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Flexibility to remain for virus-hit bosses

Businesses no longer eligible for wage subsidies will retain emergency powers to change workers’ conditions if turnover is down 10 per cent.

Pandemic-inspired changes to workplace law are set to be extended until March next year under legislation to be introduced to federal parliament on Wednesday.

Firms continuing to receive JobKeeper wage subsidies will still have the power to change employees’ hours, duties or work location.

Others booted off the scheme will also retain the capacity to change conditions if they prove a 10 per cent reduction in turnover compared to the same period last year.

That cohort won’t be able to reduce hours by more than 60 per cent and will be banned from directing employees to work less than two hours a day.

The so-called “legacy” employers will also have to give seven days’ notice for changes, up from three.

Businesses abusing the powers could face fines of more than $66,000, with individuals at risk of a $13,200 penalty.

Attorney-General Christian Porter said industrial relations flexibility had been crucial to keeping employees connected with their employer.

“COVID will remain a part of our lives until a vaccine is widely available and so, continuing flexibility to help businesses and their staff adapt to the new normal is critical,” he said on Monday.

Labor’s industrial relations spokesman Tony Burke said the government had backed down on the most extreme part of its original plan.

“It was ridiculous for the government to suggest that businesses that had fully recovered – and are in some cases doing better than they were before the pandemic – should get to keep emergency powers to cut their workers’ hours, pay and rights,” he told AAP.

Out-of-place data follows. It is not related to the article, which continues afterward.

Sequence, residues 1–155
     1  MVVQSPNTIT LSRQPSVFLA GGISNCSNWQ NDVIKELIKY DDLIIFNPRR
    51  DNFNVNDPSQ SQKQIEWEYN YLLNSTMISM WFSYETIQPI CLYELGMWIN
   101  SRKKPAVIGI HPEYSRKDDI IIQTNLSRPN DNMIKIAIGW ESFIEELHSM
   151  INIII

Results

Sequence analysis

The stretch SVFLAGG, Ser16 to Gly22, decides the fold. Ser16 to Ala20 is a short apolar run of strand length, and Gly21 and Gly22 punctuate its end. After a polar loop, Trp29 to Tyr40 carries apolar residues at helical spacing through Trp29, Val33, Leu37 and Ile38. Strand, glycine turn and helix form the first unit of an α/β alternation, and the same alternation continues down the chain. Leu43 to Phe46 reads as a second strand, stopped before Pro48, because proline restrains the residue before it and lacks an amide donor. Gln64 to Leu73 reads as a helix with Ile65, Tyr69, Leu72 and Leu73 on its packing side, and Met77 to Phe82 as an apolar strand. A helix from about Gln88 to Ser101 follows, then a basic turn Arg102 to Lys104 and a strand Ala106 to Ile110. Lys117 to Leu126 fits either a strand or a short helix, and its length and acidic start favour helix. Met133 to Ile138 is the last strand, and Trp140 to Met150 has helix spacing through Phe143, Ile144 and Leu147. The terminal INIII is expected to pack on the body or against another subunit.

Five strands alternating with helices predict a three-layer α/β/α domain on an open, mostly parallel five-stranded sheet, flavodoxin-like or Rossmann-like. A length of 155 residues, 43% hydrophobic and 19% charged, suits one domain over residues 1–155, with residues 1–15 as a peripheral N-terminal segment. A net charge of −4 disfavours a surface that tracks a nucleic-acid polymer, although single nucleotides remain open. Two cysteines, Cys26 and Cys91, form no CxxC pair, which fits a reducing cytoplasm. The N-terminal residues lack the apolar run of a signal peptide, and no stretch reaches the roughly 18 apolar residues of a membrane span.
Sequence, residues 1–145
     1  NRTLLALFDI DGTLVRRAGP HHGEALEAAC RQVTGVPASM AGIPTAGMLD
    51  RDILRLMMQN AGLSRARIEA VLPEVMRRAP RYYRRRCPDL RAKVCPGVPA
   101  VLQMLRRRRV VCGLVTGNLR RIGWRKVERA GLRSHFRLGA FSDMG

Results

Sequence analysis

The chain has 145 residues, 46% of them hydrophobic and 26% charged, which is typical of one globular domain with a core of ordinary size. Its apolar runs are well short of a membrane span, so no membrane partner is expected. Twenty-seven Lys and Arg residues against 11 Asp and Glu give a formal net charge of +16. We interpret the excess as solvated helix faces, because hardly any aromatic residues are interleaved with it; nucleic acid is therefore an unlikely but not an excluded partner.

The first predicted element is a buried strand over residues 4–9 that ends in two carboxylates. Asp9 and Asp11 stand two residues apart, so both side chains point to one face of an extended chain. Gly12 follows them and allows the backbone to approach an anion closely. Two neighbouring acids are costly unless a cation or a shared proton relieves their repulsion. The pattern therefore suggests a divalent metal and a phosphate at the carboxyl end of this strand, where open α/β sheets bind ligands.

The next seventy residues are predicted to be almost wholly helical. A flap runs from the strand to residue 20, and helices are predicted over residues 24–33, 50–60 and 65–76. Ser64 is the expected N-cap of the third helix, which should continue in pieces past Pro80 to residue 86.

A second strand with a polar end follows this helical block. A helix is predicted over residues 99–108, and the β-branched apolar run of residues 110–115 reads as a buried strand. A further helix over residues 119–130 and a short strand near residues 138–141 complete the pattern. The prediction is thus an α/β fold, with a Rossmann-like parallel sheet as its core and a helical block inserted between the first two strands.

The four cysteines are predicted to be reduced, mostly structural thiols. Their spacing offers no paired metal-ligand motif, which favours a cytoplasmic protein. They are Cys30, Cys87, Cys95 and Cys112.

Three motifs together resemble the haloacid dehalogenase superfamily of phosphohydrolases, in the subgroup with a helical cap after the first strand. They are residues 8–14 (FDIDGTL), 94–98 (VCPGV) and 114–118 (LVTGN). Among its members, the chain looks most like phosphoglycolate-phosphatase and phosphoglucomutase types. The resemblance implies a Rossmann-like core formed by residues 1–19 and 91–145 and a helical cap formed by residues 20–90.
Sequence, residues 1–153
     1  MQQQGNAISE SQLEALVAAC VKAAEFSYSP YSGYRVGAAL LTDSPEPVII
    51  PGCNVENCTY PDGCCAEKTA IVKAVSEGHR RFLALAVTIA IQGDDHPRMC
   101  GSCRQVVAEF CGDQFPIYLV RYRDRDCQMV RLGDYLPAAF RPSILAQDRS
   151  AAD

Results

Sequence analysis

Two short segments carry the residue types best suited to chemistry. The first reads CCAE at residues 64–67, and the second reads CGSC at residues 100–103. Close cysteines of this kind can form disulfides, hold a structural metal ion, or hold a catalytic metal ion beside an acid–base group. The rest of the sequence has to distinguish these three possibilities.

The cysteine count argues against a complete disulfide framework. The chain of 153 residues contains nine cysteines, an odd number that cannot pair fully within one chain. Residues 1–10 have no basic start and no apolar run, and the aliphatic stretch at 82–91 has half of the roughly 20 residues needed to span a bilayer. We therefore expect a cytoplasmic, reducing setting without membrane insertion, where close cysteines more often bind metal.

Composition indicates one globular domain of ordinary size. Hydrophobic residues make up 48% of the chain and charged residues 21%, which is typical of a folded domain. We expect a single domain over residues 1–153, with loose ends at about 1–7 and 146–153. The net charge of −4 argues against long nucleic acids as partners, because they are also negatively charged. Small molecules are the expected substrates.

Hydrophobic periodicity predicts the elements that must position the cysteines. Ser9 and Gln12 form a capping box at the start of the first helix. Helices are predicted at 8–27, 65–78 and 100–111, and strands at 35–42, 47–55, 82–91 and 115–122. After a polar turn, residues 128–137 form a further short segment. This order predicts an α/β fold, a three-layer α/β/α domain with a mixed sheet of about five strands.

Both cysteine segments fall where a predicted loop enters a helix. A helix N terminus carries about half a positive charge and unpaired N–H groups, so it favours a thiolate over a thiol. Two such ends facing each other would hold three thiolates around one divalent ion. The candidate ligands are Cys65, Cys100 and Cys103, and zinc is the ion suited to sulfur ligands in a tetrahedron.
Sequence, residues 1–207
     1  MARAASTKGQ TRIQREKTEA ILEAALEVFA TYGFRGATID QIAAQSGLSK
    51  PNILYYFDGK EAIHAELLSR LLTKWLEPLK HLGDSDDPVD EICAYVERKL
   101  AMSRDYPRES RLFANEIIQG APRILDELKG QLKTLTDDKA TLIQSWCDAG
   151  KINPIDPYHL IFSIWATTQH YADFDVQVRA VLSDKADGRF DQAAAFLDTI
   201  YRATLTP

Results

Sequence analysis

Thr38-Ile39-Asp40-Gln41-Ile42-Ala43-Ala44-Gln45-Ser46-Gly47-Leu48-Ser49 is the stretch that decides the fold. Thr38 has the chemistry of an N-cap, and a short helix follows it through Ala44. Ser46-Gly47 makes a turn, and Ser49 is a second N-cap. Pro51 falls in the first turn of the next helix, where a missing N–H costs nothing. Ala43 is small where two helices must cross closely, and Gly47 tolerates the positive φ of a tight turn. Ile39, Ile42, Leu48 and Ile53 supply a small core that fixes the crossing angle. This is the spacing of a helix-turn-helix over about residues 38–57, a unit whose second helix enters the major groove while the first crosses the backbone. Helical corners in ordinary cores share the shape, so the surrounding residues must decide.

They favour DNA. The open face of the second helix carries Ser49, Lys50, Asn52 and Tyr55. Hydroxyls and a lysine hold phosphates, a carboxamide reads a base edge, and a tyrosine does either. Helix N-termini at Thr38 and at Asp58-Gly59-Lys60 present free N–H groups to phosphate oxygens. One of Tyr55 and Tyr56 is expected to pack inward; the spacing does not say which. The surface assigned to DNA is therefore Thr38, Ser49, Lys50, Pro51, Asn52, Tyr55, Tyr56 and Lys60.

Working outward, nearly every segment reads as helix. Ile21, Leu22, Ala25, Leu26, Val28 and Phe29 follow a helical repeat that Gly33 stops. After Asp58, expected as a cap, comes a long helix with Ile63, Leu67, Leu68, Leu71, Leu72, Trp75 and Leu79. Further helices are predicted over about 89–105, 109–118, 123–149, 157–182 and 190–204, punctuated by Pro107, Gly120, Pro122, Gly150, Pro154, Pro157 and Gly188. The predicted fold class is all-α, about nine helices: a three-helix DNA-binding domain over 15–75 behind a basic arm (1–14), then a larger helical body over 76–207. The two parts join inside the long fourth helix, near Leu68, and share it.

The proposed changes to workplace laws are part of the Morrison government’s scaled-down extension of JobKeeper and the JobSeeker unemployment payment.

All businesses will have to requalify for wage subsidies at the end of September, when the initial scheme is due to end.

Labor wants both support payments retained at their existing rates for six months.

The legislation would cut JobKeeper payments from $1500 to $1200 at the end of September, and then down to $1000 from December to March.

JobSeeker has temporarily been doubled to a maximum $1100 per fortnight through to September.

The government wants to reduce it to $800 until the end of the year before developing a longer-term plan.

Australian Industry Group chief executive Innes Willox said it was important for businesses not fully recovered to get extended access to industrial relations flexibility.

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